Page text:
How Do Frogs Adapt to Land and Water?
Frogs have many adaptations that allow them to live on land and water. These include lungs, porous and regenerating skin, superior vision, webbed feet and mucus excretion.
Frogs may breathe through their skin or using their lungs. Oxygen from air or water is dissolved into the frog's thin skin and diffused through the walls of the blood capillaries into the blood stream. When on land, frogs are able to breathe through their lungs simultaneously with their skin. The lungs are a much more efficient way for frogs to acquire oxygen. Frogs do not have to breathe rhythmically as most animals do, instead taking in oxygen only as needed. Frogs have nasal valves to prevent the intake of water into lungs when swimming.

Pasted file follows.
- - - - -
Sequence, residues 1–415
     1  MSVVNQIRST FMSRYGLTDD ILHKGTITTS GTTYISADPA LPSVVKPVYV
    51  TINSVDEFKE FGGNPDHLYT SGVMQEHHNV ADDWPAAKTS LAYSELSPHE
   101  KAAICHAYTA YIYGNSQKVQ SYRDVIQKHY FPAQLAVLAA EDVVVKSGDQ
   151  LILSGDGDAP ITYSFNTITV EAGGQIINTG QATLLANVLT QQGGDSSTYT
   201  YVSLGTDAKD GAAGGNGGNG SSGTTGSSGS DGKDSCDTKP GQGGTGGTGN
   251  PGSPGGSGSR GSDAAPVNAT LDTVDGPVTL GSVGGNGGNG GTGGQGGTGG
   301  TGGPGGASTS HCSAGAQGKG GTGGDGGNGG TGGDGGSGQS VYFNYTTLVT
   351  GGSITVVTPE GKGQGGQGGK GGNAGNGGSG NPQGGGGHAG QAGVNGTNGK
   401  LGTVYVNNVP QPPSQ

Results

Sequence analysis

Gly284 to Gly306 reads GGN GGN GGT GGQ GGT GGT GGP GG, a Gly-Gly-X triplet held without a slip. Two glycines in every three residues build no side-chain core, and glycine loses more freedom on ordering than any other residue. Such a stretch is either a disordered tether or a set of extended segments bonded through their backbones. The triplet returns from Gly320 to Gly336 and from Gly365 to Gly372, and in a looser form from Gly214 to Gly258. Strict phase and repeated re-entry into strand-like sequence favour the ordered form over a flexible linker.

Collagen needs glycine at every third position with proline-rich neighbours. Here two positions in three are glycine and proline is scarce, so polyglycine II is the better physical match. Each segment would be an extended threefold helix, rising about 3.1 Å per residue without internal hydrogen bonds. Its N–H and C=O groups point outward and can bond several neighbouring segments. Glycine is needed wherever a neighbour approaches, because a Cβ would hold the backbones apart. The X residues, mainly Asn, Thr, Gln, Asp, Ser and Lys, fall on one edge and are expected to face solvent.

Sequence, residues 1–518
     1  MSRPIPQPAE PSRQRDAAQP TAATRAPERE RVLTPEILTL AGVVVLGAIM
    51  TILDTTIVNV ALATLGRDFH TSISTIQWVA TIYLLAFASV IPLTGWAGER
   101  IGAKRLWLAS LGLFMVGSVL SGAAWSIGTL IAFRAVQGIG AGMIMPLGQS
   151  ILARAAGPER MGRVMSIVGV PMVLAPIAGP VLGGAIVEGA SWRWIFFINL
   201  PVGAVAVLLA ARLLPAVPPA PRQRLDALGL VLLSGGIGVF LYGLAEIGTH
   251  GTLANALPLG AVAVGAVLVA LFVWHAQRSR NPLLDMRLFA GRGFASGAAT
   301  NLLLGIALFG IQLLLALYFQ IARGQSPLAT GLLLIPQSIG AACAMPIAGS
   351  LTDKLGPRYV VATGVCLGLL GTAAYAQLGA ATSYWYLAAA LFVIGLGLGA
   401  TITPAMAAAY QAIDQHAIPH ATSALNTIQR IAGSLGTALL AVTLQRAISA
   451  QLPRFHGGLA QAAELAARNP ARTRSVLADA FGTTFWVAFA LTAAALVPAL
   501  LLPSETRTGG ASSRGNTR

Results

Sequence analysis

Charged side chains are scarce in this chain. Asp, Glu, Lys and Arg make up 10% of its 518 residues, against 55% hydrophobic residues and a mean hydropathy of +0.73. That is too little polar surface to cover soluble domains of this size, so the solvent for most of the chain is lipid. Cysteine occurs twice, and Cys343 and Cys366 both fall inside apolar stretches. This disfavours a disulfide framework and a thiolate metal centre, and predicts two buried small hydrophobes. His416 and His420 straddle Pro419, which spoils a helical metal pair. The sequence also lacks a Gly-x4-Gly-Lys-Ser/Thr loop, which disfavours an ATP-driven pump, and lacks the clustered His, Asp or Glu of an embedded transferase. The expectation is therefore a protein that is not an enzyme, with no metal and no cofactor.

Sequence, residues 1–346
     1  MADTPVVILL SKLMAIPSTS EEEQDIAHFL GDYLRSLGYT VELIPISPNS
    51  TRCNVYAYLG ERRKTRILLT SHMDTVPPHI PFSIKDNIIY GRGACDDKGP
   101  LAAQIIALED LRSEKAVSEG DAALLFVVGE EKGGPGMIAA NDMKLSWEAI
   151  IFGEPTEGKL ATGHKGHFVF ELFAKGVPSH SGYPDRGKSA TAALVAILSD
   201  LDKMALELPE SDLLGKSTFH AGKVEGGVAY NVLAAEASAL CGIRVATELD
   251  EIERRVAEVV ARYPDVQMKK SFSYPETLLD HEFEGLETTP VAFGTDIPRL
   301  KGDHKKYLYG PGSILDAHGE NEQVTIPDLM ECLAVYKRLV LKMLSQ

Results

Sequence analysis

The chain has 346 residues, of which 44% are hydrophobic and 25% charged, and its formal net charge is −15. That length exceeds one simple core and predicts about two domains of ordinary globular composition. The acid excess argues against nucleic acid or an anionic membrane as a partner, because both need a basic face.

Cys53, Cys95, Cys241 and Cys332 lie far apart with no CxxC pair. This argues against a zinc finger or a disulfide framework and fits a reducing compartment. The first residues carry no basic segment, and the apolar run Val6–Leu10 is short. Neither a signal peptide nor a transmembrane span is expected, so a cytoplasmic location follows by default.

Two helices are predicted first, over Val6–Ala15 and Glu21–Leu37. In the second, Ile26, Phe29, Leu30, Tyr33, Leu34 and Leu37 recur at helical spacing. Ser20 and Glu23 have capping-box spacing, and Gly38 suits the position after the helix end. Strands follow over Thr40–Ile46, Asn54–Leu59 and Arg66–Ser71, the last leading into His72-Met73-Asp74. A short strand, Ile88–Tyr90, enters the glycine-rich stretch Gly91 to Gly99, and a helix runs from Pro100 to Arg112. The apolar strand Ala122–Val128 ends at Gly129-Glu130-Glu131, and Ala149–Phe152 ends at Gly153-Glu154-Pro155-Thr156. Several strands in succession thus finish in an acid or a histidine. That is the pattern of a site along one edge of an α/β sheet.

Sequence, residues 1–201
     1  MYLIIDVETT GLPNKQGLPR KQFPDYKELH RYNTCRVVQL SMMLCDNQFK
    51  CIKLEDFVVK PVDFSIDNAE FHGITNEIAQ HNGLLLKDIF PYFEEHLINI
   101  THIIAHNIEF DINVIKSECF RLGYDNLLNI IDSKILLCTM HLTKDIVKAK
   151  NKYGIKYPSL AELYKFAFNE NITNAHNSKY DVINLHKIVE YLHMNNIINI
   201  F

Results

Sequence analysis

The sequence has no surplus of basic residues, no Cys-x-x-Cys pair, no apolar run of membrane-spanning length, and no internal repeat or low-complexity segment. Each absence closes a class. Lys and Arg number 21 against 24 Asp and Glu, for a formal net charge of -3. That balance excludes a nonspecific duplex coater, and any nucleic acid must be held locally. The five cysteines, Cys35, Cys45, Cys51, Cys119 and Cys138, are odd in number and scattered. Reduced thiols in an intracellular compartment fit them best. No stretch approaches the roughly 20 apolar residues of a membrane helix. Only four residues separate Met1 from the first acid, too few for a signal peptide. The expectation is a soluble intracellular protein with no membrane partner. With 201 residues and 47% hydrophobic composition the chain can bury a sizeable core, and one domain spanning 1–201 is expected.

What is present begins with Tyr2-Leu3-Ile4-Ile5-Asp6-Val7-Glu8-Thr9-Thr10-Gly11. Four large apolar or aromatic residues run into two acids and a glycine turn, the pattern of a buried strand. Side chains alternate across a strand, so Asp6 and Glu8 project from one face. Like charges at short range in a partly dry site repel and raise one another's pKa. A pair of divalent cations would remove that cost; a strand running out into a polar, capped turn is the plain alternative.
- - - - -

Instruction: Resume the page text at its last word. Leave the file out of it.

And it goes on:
A frog's skin is covered with a protective mucus to keep it from drying out. Frogs replace their skin weekly by pulling off old skin to reveal new skin underneath.This regeneration process ensures that the skin stays soft and efficiently coated with the protective mucus.
Frogs have webbed feet that allow them to move through the water more efficiently. Their strong hind legs help them to swim and leap more efficiently. They have excellent vision to allow them to see in poor conditions, such as murky water and nighttime.